The major art prize for UK-based artists is back and this year’s edition has Lubaina Himid and Hurvin Anderson as nominees. Our author Liese Van Der Watt visited the award’s exhibition in Hull to find a show that goes beyond entertainment
When in 1993 a councilor of the London Borough of Tower Hamlets dismissed Rachel Whiteread’s Turner Prize-winning House as “entertainment for the gallery-going classes of Hampstead,” he may have aired the frustrations of a community that needed parkland more than non-functional art. But he also implicitly flagged a question that has attended the Turner Prize ever since it was created: How can art be original and innovative without being obscure and removed? When is art politically engaged without being pedantic, literal or uninteresting? Is it possible for contemporary art to be both challenging and more inclusive?
Indeed, this year’s Turner exhibition seems to be engaging these questions more explicitly, and the result is a very different experience, a restrained and altogether more distilled affair. For one, after a decision to drop the age limit of 50, Lubaina Himid and Hurvin Anderson are both older. This has meant that past works are now allowed into an exhibition that typically fixated on recent art in its intention to, as the Turner Prize blurb puts it, “promote public debate around new developments in contemporary British art.”
And while Himid’s wonderful three-dimensional take on Hogarth in her A Fashionable Marriage from 1986 can hardly be described as a “new development in art,” the embroiled mess of Thatcher and Reagan that she parodies can easily be transposed to our present times, just like the cast of racialized characters that she has rehabilitated from the original Hogarth. Indeed, the longue durée view that the inclusion of this early work affords us seems extremely valuable in gaging the temperature of the times we live in, and to make us realize how little has changed.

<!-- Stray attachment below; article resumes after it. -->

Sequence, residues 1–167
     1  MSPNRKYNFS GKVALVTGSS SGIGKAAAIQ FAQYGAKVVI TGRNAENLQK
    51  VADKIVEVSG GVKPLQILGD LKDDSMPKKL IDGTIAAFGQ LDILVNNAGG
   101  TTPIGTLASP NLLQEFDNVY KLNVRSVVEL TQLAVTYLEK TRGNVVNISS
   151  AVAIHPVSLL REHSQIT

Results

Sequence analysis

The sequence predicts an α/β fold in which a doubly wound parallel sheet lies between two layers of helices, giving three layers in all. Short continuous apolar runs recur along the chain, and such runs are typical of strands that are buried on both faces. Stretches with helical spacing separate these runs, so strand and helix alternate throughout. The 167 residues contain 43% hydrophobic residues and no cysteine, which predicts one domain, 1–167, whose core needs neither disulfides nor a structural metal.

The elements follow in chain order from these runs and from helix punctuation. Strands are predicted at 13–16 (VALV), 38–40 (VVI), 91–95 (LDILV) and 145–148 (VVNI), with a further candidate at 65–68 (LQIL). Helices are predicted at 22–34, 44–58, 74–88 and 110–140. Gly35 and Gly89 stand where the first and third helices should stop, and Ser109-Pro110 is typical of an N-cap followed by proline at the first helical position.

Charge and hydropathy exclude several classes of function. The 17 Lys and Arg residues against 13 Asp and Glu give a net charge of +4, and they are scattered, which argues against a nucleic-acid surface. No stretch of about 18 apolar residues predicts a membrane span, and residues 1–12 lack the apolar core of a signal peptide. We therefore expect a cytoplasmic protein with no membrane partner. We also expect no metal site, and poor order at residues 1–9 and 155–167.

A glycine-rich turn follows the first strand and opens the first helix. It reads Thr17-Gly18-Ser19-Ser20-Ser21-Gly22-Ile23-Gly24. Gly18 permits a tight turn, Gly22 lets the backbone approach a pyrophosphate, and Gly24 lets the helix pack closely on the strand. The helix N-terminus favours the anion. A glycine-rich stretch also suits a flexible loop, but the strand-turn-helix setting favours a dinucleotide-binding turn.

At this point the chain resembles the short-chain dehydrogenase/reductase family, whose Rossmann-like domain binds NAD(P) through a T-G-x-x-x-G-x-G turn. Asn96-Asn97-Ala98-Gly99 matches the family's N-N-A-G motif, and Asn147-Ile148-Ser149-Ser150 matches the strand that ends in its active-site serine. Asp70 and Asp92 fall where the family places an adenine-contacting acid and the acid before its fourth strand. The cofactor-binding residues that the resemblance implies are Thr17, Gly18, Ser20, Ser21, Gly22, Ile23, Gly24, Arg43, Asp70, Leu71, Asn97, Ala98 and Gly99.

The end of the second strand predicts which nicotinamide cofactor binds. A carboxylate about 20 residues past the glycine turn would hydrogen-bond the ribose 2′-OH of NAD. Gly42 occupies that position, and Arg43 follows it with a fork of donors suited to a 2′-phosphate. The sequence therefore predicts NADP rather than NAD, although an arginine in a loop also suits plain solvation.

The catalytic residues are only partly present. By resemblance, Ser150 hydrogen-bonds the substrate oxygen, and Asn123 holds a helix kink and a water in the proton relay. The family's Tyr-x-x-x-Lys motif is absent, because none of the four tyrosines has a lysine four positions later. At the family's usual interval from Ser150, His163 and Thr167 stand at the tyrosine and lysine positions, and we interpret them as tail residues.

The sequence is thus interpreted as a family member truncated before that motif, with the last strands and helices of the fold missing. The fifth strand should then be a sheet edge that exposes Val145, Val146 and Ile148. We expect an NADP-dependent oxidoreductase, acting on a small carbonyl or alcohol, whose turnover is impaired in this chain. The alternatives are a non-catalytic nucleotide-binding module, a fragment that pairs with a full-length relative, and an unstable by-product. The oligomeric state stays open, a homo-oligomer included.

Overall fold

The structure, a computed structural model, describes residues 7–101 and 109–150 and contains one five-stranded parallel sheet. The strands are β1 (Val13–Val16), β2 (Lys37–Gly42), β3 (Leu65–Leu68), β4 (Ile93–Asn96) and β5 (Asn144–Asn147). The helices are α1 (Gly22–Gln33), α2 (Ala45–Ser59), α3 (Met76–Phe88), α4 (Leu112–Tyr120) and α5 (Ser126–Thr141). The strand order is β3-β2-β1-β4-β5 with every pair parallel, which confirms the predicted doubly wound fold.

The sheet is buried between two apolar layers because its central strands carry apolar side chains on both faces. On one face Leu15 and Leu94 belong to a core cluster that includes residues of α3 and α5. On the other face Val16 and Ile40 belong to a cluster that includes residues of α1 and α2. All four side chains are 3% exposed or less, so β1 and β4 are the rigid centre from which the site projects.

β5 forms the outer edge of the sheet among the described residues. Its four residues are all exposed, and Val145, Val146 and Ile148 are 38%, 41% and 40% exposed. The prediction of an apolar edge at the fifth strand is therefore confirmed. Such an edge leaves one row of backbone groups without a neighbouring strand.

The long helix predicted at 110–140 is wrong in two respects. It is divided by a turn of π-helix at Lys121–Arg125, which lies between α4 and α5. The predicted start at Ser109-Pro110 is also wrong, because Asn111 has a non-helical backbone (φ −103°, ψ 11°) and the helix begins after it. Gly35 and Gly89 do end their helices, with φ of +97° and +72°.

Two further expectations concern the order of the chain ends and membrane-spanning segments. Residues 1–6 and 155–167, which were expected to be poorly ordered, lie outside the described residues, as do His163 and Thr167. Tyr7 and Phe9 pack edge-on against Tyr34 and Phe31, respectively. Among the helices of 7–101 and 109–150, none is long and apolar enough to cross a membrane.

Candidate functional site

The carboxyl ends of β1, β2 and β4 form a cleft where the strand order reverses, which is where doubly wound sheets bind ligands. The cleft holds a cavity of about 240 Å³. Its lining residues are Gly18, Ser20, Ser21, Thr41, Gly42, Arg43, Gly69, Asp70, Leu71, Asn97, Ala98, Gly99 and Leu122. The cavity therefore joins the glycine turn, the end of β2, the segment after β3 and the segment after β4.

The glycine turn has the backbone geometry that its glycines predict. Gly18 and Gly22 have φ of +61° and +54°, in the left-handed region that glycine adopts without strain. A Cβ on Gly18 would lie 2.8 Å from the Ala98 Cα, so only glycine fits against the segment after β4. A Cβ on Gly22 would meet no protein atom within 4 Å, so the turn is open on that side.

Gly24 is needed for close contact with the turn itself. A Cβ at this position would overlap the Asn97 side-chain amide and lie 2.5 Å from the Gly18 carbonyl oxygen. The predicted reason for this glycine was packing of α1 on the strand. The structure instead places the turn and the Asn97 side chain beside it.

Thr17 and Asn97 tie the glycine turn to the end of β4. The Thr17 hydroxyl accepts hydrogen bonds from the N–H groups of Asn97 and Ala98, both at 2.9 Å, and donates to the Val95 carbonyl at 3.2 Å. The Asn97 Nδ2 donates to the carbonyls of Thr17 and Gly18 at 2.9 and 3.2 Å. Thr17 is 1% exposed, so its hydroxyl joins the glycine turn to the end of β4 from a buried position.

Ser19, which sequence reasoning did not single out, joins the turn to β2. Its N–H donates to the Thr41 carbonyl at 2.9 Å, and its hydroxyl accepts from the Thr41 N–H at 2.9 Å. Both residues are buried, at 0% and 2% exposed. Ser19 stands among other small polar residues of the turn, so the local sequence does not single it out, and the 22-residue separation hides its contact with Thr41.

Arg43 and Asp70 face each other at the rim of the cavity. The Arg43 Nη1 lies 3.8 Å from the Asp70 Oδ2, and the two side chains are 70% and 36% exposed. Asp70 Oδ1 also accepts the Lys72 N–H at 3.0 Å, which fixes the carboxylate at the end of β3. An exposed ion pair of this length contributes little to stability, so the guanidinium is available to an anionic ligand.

Secondly, the fact that all four nominees claim parentage from outside of Britain has made a big difference to the exhibition as a whole. Hurvin Anderson’s huge canvases of foliage and trees are at once familiar and overlaid by complicated memories of other places – Jamaica and Trinidad. Likewise, tangled memories are present in his stunning paintings of barbershops that are at once so recognizable from popular culture but, in Anderson’s hands, are also evocative of other more unknowable times and worlds. In a similar way, Rosalind Nashashibi’s film Electrical Gaza about Palestine, and even Andrea Büttner’s more conceptual work, especially the simple but exquisite woodcut of a veiled beggar with outstretched arms, ensure that the hermetic space of the gallery remain challenged. The sensitivity to other places and people make these entries so different from previous Turner Prize submissions.
Finally, in thinking why and how this Turner feels so unlike previous ones, it is worth reflecting on the fact that a Black woman, Lubaina Himid, may very well win. This is important because we live in a world where gender and race parities still need to be policed, and while the Turner seems to have moved towards greater gender equity in recent years in terms of nominees and jurors (despite only seven female winners), there is still work to be done where race is concerned. Apart from Chris Ofili and Steve McQueen who won in 1998 and 1999 respectively, there have been few Black nominees – Lynette Yiadom-Boakye in 2013, and Anderson and Himid this year.
Lubaina Himid has dedicated much of her professional and curatorial life to making Black artists and specifically Black female artists more visible, but here in Hull she is very literally representing Black lives, by for example overpainting porcelain dinnerware with the images of slaves that would have been the ones using them to serve food, or by isolating racist stereotypes in newspaper clippings from the Guardian, or through her larger than life cut-outs of Black servants in A Fashionable Marriage. As Himid puts it: “I was trying to make places and spaces where we could see ourselves, but also where we could be seen.”
Based in London, Liese Van Der Watt is a South African art writer and associate editor of C&.